Georgian Old Sheffield plate British Epergne, circa 1800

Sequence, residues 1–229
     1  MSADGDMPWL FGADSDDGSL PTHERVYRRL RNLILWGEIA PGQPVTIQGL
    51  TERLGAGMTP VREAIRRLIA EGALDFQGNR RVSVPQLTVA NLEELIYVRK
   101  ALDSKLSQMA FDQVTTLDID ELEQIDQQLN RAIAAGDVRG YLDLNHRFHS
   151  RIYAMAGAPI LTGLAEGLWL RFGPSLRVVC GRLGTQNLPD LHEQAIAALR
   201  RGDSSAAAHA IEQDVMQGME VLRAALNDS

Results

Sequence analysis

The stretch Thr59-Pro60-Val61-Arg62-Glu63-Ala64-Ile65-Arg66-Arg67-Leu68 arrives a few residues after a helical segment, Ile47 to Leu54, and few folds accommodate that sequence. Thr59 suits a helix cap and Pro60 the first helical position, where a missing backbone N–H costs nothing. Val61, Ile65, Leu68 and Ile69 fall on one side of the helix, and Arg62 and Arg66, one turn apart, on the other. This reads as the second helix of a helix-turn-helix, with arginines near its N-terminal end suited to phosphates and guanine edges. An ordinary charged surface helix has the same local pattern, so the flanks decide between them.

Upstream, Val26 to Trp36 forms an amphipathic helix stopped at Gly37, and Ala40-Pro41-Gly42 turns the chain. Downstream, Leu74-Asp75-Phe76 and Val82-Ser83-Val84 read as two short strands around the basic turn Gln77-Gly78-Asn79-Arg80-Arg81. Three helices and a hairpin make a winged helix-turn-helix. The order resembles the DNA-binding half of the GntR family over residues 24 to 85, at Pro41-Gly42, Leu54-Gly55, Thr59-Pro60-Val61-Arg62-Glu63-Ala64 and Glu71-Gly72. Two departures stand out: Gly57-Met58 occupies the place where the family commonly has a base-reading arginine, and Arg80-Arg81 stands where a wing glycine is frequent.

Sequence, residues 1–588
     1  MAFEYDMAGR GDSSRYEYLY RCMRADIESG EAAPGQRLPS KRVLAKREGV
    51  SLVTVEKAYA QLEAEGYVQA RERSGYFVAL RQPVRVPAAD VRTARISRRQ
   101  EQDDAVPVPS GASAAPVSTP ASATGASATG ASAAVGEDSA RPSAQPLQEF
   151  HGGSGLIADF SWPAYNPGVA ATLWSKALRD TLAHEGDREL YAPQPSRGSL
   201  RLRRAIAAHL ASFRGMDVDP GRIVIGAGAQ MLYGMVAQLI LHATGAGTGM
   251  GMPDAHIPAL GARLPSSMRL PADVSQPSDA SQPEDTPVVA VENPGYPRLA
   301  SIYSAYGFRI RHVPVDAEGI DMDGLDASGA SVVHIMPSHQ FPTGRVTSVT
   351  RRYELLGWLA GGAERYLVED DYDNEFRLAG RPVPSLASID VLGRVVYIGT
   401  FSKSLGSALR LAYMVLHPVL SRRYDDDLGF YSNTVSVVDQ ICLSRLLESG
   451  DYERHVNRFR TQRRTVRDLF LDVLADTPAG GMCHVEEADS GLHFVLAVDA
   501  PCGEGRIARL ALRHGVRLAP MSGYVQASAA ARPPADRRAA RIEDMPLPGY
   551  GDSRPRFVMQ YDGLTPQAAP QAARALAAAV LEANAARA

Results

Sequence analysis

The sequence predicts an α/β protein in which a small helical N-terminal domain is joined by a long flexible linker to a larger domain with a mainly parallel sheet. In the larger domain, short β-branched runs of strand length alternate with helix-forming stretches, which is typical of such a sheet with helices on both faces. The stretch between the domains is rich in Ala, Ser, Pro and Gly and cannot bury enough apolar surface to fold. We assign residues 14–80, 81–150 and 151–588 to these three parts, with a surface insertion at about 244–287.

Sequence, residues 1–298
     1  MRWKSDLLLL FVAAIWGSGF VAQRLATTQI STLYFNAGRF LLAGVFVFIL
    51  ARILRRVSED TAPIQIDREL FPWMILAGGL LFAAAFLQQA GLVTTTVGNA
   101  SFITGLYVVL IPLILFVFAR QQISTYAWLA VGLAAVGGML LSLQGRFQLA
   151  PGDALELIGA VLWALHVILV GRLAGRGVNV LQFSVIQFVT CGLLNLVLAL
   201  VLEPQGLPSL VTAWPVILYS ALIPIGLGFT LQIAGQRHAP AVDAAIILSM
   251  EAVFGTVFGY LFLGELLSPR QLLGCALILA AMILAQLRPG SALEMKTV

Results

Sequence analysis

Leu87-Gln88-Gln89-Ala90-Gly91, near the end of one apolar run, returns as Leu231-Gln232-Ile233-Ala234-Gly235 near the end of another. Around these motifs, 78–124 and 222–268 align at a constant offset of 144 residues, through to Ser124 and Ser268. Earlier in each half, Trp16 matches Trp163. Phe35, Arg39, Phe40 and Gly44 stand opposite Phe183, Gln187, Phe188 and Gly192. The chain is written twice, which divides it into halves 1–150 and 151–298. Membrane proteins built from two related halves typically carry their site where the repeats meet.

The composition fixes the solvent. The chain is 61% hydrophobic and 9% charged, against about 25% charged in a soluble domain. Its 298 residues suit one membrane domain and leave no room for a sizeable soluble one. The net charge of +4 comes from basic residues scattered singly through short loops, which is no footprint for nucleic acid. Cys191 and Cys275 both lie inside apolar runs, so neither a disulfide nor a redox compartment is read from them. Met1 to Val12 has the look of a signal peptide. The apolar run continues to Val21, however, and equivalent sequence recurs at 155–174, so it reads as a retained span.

Epergne in Old Sheffield plate, the upper band supporting the central crystal has an elegant Greek key decoration with a beaded border, from it depart the sinuous legs that end with feet in the shape of a sphere, to form the body of epergne an elaborate wire-work was performed, the detachable arms terminate in small wire containers that support crystal cups, there are no marks (as was in use at that time, see the institution, built by the silversmiths, of the “Assay Office” of 1773, which prohibited the use of marks for any object that was not silver) but we can date it between 1800 and 1810 the most interesting stylistic period of George III. The cup and the little cups were cut and ground by hand in crystal reproducing them perfectly from the original pattern, to do this delicate and accurate work a skilled and important Italian master glassmaker from Florence was chosen. Épergne, a French term, indicates a trophy to be placed as a centerpiece, with baskets (or central, or supported by arms and therefore mobile) to hold fruit and sweets. The term perhaps comes from reserver, meaning to put into savings, therefore in addition. An alternative French name is surtout. Epergne is written in English. Nice conditions overall. Diameter 55 cm, height 32 cm.